Monday, March 21, 2011

I Can Can

Learning how to can seems like a skill from the days before refrigeration, but it has been growing in popularity recently as a way to maintain a commitment to local produce year-round.  But as the bounty of summer gave way to the slim pickings of the winter market, I thought I had missed my canning window.  But then we moved to Texas, home of these beauties.

The Texas Rio Star Grapefruit
As I think about what types of canning recipes are worth my time, I really want things I can't find at the grocery store.  So simple orange marmalade wasn't good enough.  The salmon-blush of grapefruit marmalade, however, can rarely be found on a supermarket shelf.  I found this recipe online at the cosmic cowgirl's very cute blog and set to work.

I love the smell of grapefruit, but I find it can be too bitter for me.  I also decided that I wanted to cut the amount of sugar in the jam so I added additional low-sugar pectin.  In the end, I removed almost all the peel  to reduce the bitterness and ended up with four jars of mildly bitter, but sweet and bright jam.

Look how pretty!!
Of course, there is no better use for freshly made jam than spreading it on warm, homemade bread.  Luckily, I've been baking two loaves a week so I always have some on hand.

Realizing that it will take me months to get through the jam one tablespoon at a time, I decided to incorporate it into a BBQ sauce for a shredded pork shoulder.  The sauce was delicious - just a little sweet with a good bit of heat and a deep, rich flavor.  I piled the meat onto homemade buns (definitely worth the extra effort) and paired it with a feta coleslaw inspired by the BBQ truck that parks at the farmer's market each weekend.  If you want to try them (and I think you should), I've written out my recipes below.

You can decide whether or not you want to take an artistic still life of your ingredients before you begin.
Fruity, Spicy BBQ Shredded Pork

This makes a pretty spicy sauce - feel free to reduce the chipotle chiles to taste.  My local market had pork shoulder cut into large chunks labeled "carnitas meat," but a bone-in shoulder would work just as well with an increased cooking time.  If you don't have grapefruit jam, I'm sure orange marmalade would be almost as good.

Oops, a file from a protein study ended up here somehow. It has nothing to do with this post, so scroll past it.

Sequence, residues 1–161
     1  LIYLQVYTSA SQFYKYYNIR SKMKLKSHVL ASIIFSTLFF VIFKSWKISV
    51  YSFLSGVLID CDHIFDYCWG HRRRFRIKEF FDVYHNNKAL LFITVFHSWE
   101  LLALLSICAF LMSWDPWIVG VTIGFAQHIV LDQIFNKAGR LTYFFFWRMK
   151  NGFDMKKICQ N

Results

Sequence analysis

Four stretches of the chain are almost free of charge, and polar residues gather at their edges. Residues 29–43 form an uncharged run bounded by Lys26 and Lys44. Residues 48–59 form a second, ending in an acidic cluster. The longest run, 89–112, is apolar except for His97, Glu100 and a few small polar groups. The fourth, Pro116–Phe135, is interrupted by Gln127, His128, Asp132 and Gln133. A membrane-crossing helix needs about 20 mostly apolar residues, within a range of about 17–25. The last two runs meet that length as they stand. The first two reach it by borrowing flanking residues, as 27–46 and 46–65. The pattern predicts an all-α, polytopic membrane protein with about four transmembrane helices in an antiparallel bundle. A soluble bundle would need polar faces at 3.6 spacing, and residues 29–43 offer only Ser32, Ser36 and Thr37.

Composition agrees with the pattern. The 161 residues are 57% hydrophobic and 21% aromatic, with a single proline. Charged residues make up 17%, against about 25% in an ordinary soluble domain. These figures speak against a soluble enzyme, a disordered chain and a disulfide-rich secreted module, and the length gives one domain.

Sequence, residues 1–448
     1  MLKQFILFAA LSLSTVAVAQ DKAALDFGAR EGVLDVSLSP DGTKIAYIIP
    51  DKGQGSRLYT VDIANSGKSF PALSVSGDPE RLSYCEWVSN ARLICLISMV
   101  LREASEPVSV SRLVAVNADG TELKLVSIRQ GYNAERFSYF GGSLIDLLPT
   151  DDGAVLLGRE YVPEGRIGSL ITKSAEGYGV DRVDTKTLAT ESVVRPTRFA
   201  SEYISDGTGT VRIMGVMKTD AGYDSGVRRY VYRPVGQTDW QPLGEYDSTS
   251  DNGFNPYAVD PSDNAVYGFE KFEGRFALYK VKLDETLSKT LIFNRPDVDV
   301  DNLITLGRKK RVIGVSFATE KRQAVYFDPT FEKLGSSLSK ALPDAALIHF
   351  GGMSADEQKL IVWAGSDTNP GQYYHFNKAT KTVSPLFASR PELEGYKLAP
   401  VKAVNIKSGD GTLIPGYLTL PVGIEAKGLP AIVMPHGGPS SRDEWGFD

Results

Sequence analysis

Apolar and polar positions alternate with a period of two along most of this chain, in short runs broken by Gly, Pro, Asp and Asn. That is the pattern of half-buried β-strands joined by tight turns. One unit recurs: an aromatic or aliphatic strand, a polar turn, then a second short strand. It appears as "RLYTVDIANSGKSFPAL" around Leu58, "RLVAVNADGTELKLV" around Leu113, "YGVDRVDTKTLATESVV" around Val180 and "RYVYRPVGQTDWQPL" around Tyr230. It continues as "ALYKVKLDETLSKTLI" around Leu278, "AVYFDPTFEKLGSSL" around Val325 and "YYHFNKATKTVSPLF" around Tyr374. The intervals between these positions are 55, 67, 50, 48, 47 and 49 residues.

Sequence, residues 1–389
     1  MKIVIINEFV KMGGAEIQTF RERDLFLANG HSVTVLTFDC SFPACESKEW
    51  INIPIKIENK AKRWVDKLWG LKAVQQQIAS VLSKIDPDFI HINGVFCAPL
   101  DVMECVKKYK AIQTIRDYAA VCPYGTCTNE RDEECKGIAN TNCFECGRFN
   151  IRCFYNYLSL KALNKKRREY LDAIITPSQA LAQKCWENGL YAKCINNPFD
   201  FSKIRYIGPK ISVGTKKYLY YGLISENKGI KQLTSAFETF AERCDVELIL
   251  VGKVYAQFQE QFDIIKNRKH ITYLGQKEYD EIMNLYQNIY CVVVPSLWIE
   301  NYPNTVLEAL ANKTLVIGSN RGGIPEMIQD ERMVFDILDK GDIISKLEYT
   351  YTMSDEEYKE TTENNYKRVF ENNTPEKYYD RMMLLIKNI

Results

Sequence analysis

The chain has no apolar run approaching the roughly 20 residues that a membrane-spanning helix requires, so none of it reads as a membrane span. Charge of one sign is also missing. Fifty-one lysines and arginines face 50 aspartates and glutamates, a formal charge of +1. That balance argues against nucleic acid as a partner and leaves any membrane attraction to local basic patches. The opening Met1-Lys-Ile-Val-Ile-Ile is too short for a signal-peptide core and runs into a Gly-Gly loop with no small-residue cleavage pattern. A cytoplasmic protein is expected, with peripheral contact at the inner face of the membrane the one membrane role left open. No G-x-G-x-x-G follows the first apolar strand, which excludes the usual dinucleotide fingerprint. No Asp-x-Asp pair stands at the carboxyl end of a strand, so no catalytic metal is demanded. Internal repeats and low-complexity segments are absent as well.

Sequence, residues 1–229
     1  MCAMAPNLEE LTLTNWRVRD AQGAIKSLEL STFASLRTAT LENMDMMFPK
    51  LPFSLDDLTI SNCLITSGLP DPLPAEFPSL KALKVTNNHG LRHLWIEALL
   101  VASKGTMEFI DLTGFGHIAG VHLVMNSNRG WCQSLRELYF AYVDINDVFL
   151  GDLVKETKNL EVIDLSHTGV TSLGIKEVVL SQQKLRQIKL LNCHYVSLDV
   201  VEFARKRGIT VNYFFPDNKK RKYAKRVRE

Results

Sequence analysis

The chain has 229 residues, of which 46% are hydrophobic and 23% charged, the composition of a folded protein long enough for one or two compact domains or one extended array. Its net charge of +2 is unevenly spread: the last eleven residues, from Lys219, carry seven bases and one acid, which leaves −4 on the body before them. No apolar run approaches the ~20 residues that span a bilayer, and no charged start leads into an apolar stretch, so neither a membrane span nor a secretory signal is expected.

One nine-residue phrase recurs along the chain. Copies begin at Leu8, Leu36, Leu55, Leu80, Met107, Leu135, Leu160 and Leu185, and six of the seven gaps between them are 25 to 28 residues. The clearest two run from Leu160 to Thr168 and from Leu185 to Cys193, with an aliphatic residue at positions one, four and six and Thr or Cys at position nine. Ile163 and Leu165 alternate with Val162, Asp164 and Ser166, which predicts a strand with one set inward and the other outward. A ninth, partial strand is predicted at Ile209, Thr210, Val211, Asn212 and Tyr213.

3 lbs pork shoulder, cut into 6 pieces
     1 small onion, finely diced
     4 cloves garlic, minced
     3 chipotle chiles in adobo, minced
     1/2 c. grapefruit jam
     1/2 c. hoisin sauce
     6 oz tomato paste
     3 T balsamic vinegar
     2 T wochestershire sauce
     2 T chili powder
     1 T cumin
     1 T salt

Mix all ingredients together and coat pork in the crock pot.  Cook on low 4-6 hours (during which time, you should make the buns and watch KU win an NCAA tournament game).  Remove pork and let sit until cool enough to handle.  Meanwhile, let sauce continue to simmer in crockpot to thicken.  Shred pork and return to sauce.  Serve on soft buns, with pickles if you have them.

Feta Slaw

     1/2 head cabbage, green or red
     2 carrots, grated
     1 red bell pepper, julienned
     5 green onions, thinly sliced
     6 oz feta, crumbled
     1 T canola oil
     1/4 c red wine vinegar
     1 t dried oregano
     salt and pepper

Shred half a head of cabbage (I made a stirfry with the other half, but you'll do as you see fit) and toss with grated carrots, julienned bell pepper, and green onions.  Whisk together oil, vinegar, oregano,  several grinds of pepper, and a pinch of salt.  When ready to serve, mix vegetables and feta with the dressing.

My first run at canning was really time-consuming (the better part of two nights).  But it was a lot of fun and I'm looking forward to making super-garlicy pickles, our own house-blend of salsa, and more jams and fruit butters as the farmer's market options grow.  I may even go pick my own berries for preserves

Hank Likes to Help in the Kitchen

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